In the first years of the same Darius the Mede mentioned in 6:1 (538 b.c.), Daniel was reading the scroll of Jeremiah, regarding it as trustworthy Scripture. Daniel noted that Jeremiah, who had died about two decades before, had predicted a period of seventy years for the desolation of Jerusalem (Jer 25:11-13; 29:10).
Jerusalem had fallen in 586 B.C., and more than twenty years remained before the prediction would be fulfilled. It actually occurred in 516 b.c. when the temple was rebuilt in Jerusalem. Daniel began to pray about the matter.
Like Isaiah (Isa 6:5), Daniel was keenly aware of the holiness and righteousness of God and the unfaithfulness and shame of all Israel. But Daniel was filled with faith and hope. He believed God was merciful and forgiving in spite of the rebellion of Israel against God.
Daniel did not accuse God of irresponsibility in letting many of his people go into exile. Daniel's God was the Judge who justly punished his wicked people. For centuries the law of Moses had warned Israel against rebellion. Now, in exile, God's people were still rebelling. They had learned nothing from their punishment.
Daniel's hope was based on the act of God at the Exodus from Egypt, and he pleaded that God in mercy would forgive and deliver his people again. The exile of God's people and the ruins of Jerusalem had generated scorn in the hearts of many pagans.
Daniel pressed his petition with emotional intensity, and casting all other reasons aside, even his own merit, rested his plea solely on the mercies of God as related to a long relationship to Jerusalem and Israel. All effective supplication rests upon the same foundation.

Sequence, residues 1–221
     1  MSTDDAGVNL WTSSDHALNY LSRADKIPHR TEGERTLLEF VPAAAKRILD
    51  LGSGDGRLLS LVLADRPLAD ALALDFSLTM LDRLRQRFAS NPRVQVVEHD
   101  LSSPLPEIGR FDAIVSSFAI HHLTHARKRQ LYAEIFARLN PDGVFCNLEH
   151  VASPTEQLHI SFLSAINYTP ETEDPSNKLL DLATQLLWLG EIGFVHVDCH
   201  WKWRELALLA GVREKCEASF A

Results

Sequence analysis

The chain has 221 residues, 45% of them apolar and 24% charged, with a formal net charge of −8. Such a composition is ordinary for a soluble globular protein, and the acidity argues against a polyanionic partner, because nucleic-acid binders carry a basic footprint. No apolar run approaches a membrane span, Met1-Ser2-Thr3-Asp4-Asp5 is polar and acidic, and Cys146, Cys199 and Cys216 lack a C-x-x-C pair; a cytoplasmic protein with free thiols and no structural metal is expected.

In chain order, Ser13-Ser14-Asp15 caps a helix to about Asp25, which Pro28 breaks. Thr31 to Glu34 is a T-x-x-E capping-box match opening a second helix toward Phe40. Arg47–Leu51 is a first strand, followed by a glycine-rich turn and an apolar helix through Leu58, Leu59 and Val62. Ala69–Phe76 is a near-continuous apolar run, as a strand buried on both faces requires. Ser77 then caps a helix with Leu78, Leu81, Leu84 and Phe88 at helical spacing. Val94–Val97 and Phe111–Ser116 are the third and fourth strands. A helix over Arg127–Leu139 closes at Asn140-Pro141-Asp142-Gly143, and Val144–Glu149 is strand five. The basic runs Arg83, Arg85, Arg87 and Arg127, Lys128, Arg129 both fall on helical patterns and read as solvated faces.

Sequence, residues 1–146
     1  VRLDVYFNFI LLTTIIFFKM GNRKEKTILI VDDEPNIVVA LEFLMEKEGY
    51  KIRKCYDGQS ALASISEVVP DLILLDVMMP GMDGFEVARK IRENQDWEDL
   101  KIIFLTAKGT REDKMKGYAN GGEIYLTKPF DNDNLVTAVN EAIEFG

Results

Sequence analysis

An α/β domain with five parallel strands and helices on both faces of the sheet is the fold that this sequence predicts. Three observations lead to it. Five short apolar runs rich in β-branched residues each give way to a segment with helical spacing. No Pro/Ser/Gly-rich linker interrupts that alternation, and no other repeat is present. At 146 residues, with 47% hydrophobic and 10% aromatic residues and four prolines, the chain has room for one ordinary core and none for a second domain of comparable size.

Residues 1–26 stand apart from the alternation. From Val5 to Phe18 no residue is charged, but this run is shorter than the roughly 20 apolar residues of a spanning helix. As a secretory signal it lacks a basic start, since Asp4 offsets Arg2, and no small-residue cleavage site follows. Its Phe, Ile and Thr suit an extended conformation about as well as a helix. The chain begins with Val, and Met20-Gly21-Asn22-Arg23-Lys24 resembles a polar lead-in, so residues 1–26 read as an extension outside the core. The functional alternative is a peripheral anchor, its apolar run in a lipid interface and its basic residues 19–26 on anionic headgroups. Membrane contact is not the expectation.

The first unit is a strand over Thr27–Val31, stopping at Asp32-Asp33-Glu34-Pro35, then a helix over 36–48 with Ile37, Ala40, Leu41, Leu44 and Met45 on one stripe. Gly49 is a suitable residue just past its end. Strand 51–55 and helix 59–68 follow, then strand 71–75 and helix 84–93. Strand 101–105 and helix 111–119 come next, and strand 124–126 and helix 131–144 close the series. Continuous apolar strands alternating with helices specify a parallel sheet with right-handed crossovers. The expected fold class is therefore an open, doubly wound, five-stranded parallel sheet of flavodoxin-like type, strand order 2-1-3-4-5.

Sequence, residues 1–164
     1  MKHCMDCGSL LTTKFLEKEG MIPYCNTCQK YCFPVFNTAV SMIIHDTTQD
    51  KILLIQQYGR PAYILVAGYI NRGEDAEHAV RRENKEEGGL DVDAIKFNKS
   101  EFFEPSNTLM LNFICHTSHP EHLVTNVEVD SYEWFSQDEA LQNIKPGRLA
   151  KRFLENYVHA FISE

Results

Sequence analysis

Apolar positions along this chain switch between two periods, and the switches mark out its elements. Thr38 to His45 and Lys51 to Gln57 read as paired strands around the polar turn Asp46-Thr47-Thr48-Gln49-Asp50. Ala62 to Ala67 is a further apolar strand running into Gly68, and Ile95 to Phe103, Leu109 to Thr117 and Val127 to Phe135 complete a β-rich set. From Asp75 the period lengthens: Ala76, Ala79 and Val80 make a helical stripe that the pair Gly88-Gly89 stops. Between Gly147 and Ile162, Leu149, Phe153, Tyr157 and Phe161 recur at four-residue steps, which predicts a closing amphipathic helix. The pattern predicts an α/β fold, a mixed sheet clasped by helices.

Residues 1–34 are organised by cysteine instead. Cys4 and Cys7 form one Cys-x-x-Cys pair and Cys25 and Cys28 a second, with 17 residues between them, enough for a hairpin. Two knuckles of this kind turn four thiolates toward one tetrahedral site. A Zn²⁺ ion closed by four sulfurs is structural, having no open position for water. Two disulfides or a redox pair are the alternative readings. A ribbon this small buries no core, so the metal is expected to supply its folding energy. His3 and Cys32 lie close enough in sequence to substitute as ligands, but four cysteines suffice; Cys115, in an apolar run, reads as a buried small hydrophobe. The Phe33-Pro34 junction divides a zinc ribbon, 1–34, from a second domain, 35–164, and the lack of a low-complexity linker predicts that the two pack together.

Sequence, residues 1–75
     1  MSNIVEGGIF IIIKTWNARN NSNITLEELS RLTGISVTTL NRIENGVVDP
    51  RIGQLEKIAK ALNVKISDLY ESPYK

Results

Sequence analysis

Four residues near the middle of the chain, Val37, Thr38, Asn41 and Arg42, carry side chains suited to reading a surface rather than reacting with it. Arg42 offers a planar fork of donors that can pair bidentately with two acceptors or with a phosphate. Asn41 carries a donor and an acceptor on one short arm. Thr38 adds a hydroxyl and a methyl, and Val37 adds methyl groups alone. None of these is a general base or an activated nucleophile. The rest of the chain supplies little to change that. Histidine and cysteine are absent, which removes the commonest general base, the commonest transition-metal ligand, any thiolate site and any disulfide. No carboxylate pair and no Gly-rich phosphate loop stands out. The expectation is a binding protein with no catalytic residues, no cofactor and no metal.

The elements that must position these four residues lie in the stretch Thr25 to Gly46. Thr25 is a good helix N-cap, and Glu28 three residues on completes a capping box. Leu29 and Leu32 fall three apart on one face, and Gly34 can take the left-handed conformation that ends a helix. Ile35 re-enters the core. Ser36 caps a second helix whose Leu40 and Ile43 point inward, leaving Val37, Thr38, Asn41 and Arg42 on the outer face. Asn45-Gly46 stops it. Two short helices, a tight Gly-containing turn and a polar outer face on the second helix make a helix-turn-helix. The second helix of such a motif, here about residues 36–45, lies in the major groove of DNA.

Daniel's prayer achieved results. Gabriel arrived and assured Daniel that God had begun to answer as Daniel started to pray. Gabriel's message was based on the numbers seventy and seven. The possible literal or symbolic values of these numbers in the visions of Daniel have generated as many varieties of opinion among Wesleyan scholars as among those of other persuasions. Daniel's prayer could be understood as fulfilled historically. The time span from Daniel's exile in 605 b.c. to the decree of Cyrus (which allowed Jews to return to Jerusalem in 537 b.c.), plus a period of time for Jews to arrive there, amounts to about seventy years.
Gabriel gave an extended future value to seventy and seven, amounting to 490 years. During this time, transgression and sin were to be brought to an end and atonement made for wickedness. Other themes appear in 9:24: (1) the inception of everlasting righteousness, (2) the sealing of vision and prophecy, and (3) the anointing of the most holy.
Another numerical phrase, seven “sevens” and sixty-two “sevens,” refers to the time before the Anointed One, would arrive.
Jesus seemed to pick up on the remaining verses of this chapter in his Olivet Discourse (Mt 24:7-28) and apply them to an indefinite end time.
Theological themes evident in this section may be summarized thus: (1) In spite of sin, tyranny, and destruction, God's people in any age have a firm foundation of hope; (2) atonement for sin has been provided, and through confession, repentance, and faith it will transform the sinner into a believer; (3) God's everlasting kingdom has an almighty Messiah who will rule in mercy, truth, and justice; and (4) eventually, in spite of evil-minded opposition, God and his people will always be winners.
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